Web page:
In the Loop
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Because the upcoming presidential election this year will play a defining role in America’s political future, it’s essential to understand both the election system and the structure of the Electoral College. The American election process is complex, and its intricacies may be unfamiliar to international students who are better versed in the political processes of their home countries.

What is the primary election?

Primary elections, also colloquially known as “primaries”, allow eligible voters in a particular state to vote for their preferred party candidate. This year, 16 primaries started later than usual due to the pandemic. The primaries for each state are run by respective state and local governments, and voting occurs through a secret ballot.

What is the general election?

After the primaries conclude, each party names its presidential nominee, after which the nominee announces his or her choice for vice president. For instance, Joe Biden recently announced Kamala Harris as his running mate. The presidential and vice presidential candidates then begin campaigning to win popular opinion, to in turn win the general election. The presidential election is held on the first Tuesday of November every four years. The upcoming general election will be held on Nov. 3.

What is the Electoral College?

What’s interesting about the U.S. electoral system is that the president is not decided by a national popular vote. Citizens belonging to each state cast a ballot that votes a group of representatives from a party into the Electoral College, whose responsibility is to elect the President after Election Day. There are 538 possible electoral votes, encompassing the 435 representatives, 100 senators, and three votes from the District of Columbia. A candidate needs 270 electoral votes to win.

Each state has a different number of fixed electoral votes based on population size; for instance, California, with its population of 39.5 million, has 55, and New Mexico, with its population of 2.1 million, has five. Virtually all states give their electoral votes to the majority party that wins, except Maine and Nebraska, who split electoral votes.

Critiques of the Electoral College

People have critiqued this voting system for being unrepresentative of actual public opinion, citing the fact that in 2016, Hillary Clinton won the popular vote by almost 3 million votes but lost the election, marking the fifth time this has happened in US history. A point of contention is the number of electoral votes allotted to smaller states. Per capita, individuals in smaller states may feel as if they have a greater say in who gets elected, whereas individuals in bigger states may feel like their vote counts less, although it is disputed whether or not the small state bias has actually made a difference in election outcomes. This alleged imbalance in voting power has led to people arguing that states with smaller population sizes should have less of a say in the deciding vote of the president, since the imbalance doesn’t accurately represent the voice of the people.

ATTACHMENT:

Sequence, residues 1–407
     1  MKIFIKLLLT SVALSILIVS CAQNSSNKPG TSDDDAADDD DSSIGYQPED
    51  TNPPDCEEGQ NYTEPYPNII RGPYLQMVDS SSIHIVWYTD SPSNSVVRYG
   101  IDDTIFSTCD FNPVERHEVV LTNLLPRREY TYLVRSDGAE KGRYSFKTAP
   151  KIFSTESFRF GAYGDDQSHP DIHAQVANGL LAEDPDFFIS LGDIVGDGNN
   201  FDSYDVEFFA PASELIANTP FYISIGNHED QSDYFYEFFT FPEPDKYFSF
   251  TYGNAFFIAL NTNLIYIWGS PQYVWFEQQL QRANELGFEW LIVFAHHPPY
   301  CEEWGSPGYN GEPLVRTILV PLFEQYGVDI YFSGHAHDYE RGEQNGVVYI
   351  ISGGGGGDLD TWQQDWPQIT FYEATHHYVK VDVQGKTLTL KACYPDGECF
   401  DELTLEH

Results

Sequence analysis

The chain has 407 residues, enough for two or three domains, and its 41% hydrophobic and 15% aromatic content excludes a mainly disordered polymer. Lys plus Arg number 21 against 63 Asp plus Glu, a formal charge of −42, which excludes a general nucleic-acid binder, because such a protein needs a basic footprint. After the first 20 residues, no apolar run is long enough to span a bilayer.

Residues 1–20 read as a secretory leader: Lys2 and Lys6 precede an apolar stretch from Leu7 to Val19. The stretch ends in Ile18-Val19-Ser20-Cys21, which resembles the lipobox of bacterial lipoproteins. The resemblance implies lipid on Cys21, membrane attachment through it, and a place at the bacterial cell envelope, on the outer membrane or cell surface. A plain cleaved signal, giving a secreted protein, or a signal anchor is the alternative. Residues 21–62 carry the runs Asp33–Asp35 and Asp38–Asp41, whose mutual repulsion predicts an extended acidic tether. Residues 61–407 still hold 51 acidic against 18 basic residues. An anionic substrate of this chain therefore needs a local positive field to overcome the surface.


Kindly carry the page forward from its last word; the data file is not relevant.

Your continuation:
Swing states, or states that could be reasonably won by either the Democratic or Republican presidential candidate, could be crucial to the success of a candidate. These states are usually targeted by both party campaigns competitively.

The  “winner takes all” principle, in which all electoral votes go to whichever candidate wins the majority vote, can sometimes cause candidates to ignore noncompetitive states during the general election and direct their efforts toward the few states that swing between Democrats and Republicans.

Who qualifies to be a presidential candidate?

Top presidential candidates typically come from two major parties, the Republican Party and the Democratic Party. There may also be candidates who represent special interests and third parties, though they rarely make it to the general election. Any candidate for president must be a natural-born citizen (someone who is born in the U.S. and is a U.S. citizen at birth), at least 35 years old, and a U.S. resident of at least 14 years.

What is a caucus?

The election process kicks off with primary elections and caucuses. There are two ways a state can elect a presidential nominee, a caucus and a primary. Each party holds its own caucus, where eligible local voters gather to discuss, debate, and vote on who they think will be the best party candidate. After a caucus, the members of that party choose which candidate they want to unite behind for the election. Caucuses do not occur in every state, and don’t allow the general public to vote for who the party candidates for president and vice president are. Iowa, Nevada, and Wyoming are among some of the states that still adopt caucuses, while most states use primary elections.

Where does your vote go?

Although the voter may be the one casting the ballot, the outcome is decided by the Electoral College. Rather than directly electing a candidate into office, an individual’s vote goes toward deciding the vote of the electoral college representative.

Although students spread across the globe might feel distanced from the elections, there are still ways to get involved. If you’re looking for ways to be more politically active on campus, make sure to check out this article.

Staff writer Nandini Talwar can be contacted at nandini.talwar@columbiaspectator.com with thoughts about this article or book recommendations. If you are qualified, she strongly encourages you to vote. Follow Nandini on Twitter @nanutaps. Follow Spectator on Twitter @ColumbiaSpec.

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